Long Way Down

Easily one of the best books I've read so far this year! Utterly compelling, impossible to put down, and packs one hell of a punch. This teen novel in verse discusses gun violence in such a way that leaves no room for argument, it demands to be heard and felt. Will's older brother Shawn has been shot and killed and it falls on Will to exact vengeance. He has to he has no choice. It's part of the rules.
1. No crying
2. No snitching
3. Get revenge no matter what
It's what his brother would have done. So he takes his dead brother's gun and heads to the elevator to leave the building and take out his brother's killer. But it's a long way down and he must pass seven floors. On each floor, a victim of gun violence enters on the elevator. Sixty seconds. Seven floors, Three rules. One gun.
AMAZING! Seriously can't stop thinking about this book. It's giving me the chills.

Walking Dead: Book Fourteen

Another stunning addition to the Walking Dead collection. I'll admit it took me a minute to gather my bearings and remember what happened in book thirteen since it had been quite a while since I had read it, but it did come back rather quickly. This book follows the ongoing battle with the whisperers (who are creepy as fuck!) and we see a huge growth in Negan's character. Not only is he finally free but he is working with Rick and is seemingly on his side! Is this a long term ploy? Probably, but right now it seems pretty damn convincing. We have one major character death and a massive zombie herd coming straight at Alexandria.Overall, pretty damn good. I can't wait for book fifteen!

The Book of Barb

A cute little coffee table book with lots of amazing illustrations. This book contains a short essay on the iconic Stranger Things wing woman with virtually no screen time, along with lots of other fun little sections. There is a quiz, advice, makeup tips, a playlist, lots of illustrations, What would Barb Do, and loads of other creative things. It's a little short and I could have used more, but I'll take what I can get. The illustrations alone make this gem worth buying. A must own for any dedicated Stranger Things fan. I better see a Bob book soon!

I'd Rather Be Reading

This little gift book is adorable and a must have for all bibliophiles. It contains a few short essays on the joy of reading, lots of gorgeous drawings, prints, and cartoons celebrating the greatness of books, and quite a few quotes from authors and poets on being a bibliophile. All in all it's a small cute book, that will make a great addition to any coffee table, book shelf, or display. I'd love if I could get some of the art bigger and framed around my house, it's that good!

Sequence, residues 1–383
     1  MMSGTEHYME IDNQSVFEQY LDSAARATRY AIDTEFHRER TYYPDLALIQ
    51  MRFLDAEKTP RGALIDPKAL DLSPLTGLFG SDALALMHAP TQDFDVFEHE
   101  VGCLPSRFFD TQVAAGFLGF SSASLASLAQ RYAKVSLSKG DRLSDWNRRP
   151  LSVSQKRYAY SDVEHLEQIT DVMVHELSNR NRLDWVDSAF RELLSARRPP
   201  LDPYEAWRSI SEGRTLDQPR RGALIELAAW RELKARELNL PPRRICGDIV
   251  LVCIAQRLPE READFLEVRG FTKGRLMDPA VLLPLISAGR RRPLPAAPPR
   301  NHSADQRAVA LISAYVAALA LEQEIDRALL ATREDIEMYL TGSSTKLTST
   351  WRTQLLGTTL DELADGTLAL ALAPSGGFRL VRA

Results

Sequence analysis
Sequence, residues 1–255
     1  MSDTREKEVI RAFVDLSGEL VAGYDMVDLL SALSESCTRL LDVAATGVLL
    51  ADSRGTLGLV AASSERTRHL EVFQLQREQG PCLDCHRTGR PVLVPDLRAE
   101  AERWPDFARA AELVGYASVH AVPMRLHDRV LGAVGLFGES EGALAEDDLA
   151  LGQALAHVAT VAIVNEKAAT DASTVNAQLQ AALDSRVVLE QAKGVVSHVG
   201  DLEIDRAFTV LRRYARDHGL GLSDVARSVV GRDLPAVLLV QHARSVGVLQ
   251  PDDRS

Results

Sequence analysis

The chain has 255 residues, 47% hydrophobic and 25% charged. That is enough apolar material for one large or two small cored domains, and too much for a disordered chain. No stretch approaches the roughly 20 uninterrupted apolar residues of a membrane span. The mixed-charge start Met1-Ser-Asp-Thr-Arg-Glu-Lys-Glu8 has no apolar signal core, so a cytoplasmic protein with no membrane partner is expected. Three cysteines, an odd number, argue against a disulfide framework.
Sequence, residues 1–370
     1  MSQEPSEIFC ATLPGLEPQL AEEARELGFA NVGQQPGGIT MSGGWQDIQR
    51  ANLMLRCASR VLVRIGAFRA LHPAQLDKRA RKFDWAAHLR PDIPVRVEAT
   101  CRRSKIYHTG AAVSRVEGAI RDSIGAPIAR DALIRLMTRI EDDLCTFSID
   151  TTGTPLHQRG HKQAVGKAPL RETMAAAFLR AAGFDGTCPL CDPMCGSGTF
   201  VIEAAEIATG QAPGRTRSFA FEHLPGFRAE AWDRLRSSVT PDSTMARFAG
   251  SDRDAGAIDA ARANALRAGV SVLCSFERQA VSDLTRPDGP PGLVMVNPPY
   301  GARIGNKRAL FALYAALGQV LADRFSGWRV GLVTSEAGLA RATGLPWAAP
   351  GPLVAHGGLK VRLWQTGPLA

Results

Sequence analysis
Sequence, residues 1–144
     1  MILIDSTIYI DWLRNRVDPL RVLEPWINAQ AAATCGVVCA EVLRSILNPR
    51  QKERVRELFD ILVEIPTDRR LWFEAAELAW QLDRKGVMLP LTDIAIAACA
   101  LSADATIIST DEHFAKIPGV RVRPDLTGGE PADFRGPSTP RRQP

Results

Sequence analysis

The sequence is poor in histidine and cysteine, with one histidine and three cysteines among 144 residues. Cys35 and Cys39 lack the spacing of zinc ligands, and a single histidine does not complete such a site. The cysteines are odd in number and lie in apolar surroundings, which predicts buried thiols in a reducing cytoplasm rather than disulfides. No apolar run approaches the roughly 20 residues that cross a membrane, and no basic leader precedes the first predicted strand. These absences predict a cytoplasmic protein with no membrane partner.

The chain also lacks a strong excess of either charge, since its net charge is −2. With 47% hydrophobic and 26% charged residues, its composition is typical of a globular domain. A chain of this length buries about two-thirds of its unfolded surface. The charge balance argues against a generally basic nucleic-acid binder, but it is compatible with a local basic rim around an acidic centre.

Girl Waits With Gun

Cute, inventive, and hard to put down. I thoroughly enjoyed reading the escapades of the three Kopp sisters, even more so when I discovered that this story is loosely based off true events! When an automobile collides with a horse and buggy and the buggy is ruined, the eldest sister, Constance, decides to take matters into her own hands and get the thug who was driving the car to pay. Little does she realize though that this thug is not to be messed with. Soon come the threatening letters, shots fired at the house, bricks thrown into windows. The girls finds themselves in over their heads. They turn to the sheriff for help before things escalate too quickly. My favorite character is the youngest sister Fleurette, who has a wonderful knack for creativity and seeing the positive side in everything. An enjoyably quick read.

Sense and Sensibility

Re-reading this book just solidified my opinion that it is the best of the Jane Austen novels. I know everyone has their hearts set on Pride and Prejudice and Mr. Darcy, but I believe that her first novel is raw and real and much more relatable. It truly remains as fresh a cautionary tale today as it ever was. The Dashwood sisters learn that the path to love isn't always straight and narrow and sometimes you're heart has to be broken for you to appreciate how whole a heart can be. Filled with memorable characters, witty dialogue, and unforgettable romance, this is a book readers won't soon forget.

I really enjoyed discussing the book with my library Jane Austen Book and Film Club, we talked about how societal obligations have changed but the heart has remained the same and then we watched the Masterpiece Theater version. Overall, a must read. And if you haven't watch the 1995 movie version. It's amazing and you won't regret it.

Wednesday, November 1, 2017

The Girl Who Takes an Eye for an Eye

Written in the same style, voice, and intensity of the original trilogy, the fifth book in the Millennium series was still a little lackluster for me. I thought the dueling story-lines were a bit much and I didn't care for the characters as much as I had in the past. Also, I noticed that Lisbeth Salander is becoming less and less of a central roles in these books. That being said, I didn't hate it. I was intrigued enough to keep going and try to figure out how the story would conclude and to discover the hidden links that merged the two plots together. Of course we have Blomkvist, the ever persistent journalist digging deep and following the thread as well as a few new characters and villains. Not great, not bad - here's to hoping I like the sixth one better.